in most cases evolution is random, ie a creature randomly mutates and if that mutation helps survival that creature will become prominent, in some cases its a form of adaptation. ill give a few examples in humans.

    male pattern baldness is one of the most recent ones that appears to be taking place in men. it is theorized that we lost the rest of our hair as it is no longer needed and our body is taking up less resources by doing away with it, only places we really have hair now are areas that loose the most heat.

    and on the random side, a recent study is suggesting that a random defect in the muscles in our jaws that actually made them weaker may have allowed for our brains to grow larger than our ape counter-parts. http://www.washingtonpost.com/wp-dyn/articles/A22408-2004Mar24.html

    oh by the way ive been gone for a couple years and was disturbed by ohio trying to do the whole lets teach creationism thing, whatever came of that?

    think that sums it up?
     
  8. The KSB

    The KSB 4-4-11/11-5-11

    I'm by no means a doctorb, but I have taken a few biology courses. When I think about the millions upon millions of chemical reactions that need to take place in absolute balance in the human body at all times, as well as the homeostatic systems in the body I just can't imagine life being accidental. However, to think something like fossils are creations of satan put there to test our faith is utter nonsense. So no, the two theories aren't mutually exclusive.
     
  9. DEBuckeye

    DEBuckeye It ain't easy, bein' cheesy.

    The thing that annoys me about these stories (putting the debate aside for a moment) is the way these groups who are calling for one school of thought or the other seem to think that they know what's right for everyone.

    The religious freaks want to teach creationism, because that's what God says, and "that's the right way for everyone to live their lives". Same sort of feelings on the evolution side- facts are facts and there's no other way to explain it.

    I guess I've got two opinions on this:
    First, it's a "church and state" issue. How can the government, represented by the school board, require that kids learn about a religious issue in public schools? You think people are bitching now because the Pledge of Allegiance uses the words "under God"? Wait until this starts.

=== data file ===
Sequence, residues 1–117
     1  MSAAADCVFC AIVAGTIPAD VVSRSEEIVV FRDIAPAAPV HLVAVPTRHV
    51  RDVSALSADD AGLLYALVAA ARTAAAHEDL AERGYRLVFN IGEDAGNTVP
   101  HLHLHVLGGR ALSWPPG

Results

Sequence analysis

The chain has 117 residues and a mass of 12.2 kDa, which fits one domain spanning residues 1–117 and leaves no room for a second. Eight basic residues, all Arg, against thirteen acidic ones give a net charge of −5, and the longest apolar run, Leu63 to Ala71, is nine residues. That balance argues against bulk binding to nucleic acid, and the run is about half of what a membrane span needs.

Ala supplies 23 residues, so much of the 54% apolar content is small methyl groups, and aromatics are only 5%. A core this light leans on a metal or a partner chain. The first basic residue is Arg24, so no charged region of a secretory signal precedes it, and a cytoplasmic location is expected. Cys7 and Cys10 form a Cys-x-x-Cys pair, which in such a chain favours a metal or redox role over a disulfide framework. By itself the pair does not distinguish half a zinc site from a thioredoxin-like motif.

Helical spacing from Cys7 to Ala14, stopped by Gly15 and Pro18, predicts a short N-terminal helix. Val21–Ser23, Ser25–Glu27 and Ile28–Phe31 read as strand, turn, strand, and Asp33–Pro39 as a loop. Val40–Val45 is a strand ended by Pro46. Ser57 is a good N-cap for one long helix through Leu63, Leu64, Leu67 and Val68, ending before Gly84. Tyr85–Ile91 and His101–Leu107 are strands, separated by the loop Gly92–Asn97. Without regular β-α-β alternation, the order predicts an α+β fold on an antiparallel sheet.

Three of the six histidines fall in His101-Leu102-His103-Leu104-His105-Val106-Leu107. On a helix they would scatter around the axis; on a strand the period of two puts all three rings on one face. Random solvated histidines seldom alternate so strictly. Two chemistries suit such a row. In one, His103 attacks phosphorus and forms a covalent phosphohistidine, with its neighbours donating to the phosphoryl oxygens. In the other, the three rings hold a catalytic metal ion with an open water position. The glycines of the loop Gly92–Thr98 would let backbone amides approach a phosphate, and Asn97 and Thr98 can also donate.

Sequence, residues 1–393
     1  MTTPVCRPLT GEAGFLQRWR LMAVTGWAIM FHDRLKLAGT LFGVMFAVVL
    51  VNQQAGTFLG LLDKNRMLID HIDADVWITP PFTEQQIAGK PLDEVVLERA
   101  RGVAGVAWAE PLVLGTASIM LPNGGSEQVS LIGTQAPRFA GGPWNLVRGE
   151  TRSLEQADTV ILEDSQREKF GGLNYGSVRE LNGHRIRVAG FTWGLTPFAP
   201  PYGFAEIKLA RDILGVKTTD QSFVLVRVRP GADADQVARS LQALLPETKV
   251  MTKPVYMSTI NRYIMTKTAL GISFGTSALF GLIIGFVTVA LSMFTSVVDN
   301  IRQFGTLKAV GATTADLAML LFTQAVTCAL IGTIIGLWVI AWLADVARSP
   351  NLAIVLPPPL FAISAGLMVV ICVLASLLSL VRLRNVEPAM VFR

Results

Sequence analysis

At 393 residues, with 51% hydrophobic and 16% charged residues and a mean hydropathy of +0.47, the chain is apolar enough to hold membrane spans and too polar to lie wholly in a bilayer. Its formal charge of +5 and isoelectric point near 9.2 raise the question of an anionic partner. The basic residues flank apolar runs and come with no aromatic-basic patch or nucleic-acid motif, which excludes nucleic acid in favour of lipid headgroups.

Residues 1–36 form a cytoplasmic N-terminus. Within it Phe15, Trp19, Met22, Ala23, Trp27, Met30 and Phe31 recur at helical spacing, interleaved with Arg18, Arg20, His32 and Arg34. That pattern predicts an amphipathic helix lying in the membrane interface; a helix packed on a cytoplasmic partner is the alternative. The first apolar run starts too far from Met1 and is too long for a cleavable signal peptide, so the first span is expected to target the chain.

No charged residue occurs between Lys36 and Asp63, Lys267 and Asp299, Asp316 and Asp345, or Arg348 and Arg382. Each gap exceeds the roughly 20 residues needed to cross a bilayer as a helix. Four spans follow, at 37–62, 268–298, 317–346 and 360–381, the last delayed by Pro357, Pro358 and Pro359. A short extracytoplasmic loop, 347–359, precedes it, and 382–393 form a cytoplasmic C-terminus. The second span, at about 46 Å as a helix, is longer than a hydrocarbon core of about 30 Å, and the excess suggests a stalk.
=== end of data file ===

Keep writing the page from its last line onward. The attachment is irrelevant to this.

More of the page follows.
Second, both of these theories are widely accepted in different circles. Both have merit. If you're going to teach one, you should also teach the other. Present them both as different explanations and let the kids debate it and sort it out. You're not doing anyone a favor by telling only one side of the story.

    As for the debate itself, I guess I agree with whoever said that the two theories could co-exist. Evolution makes sense, but it had to start somewhere. Something had to kick-start it. Couldn't God have been the one who set it in motion, maybe guided it along the way? KentStBuck has a good point- there are too many intricate details, all fitting together perfectly, that makes up the system, for it to be accidental.

    Where do Adam and Eve fit in? I guess that depends on how literally you take the Bible. Many of the stories in the Bible are just that- stories to explain something or make a point. Besides, God didn't create Adam and Eve first, they came later, after the earth and many animals were already created. Couldn't evolution fit in there somewhere?
     
  10. FKAGobucks877

    FKAGobucks877 The Most Power-Drunk

    DEBuckeye: "I guess I've got two opinions on this:
    First, it's a "church and state" issue. How can the government, represented by the school board, require that kids learn about a religious issue in public schools? You think people are bitching now because the Pledge of Allegiance uses the words "under God"? Wait until this starts."

    Valid point. What bothers me about this is that our current society and government have misconstrued the spirit of this statement. The founding fathers wrote the Constitution in an attempt to keep the government out of the church, NOT keep the church out of the government. The whole reason the "Separatists" came to America was to escape RELIGIOUS persecution from their former government. They wanted the FREEDOM to teach what they chose, without government interference. Seems to me the government is trying to impose on what can and can't be taught, which is simply starting the whole cycle all over again. To me, both are sound theories, and both have merit. Which leads me into...

    DEBuckeye: "Second, both of these theories are widely accepted in different circles. Both have merit. If you're going to teach one, you should also teach the other. Present them both as different explanations and let the kids debate it and sort it out. You're not doing anyone a favor by telling only one side of the story."

    Again, excellent point. This time I agree wholeheartedly.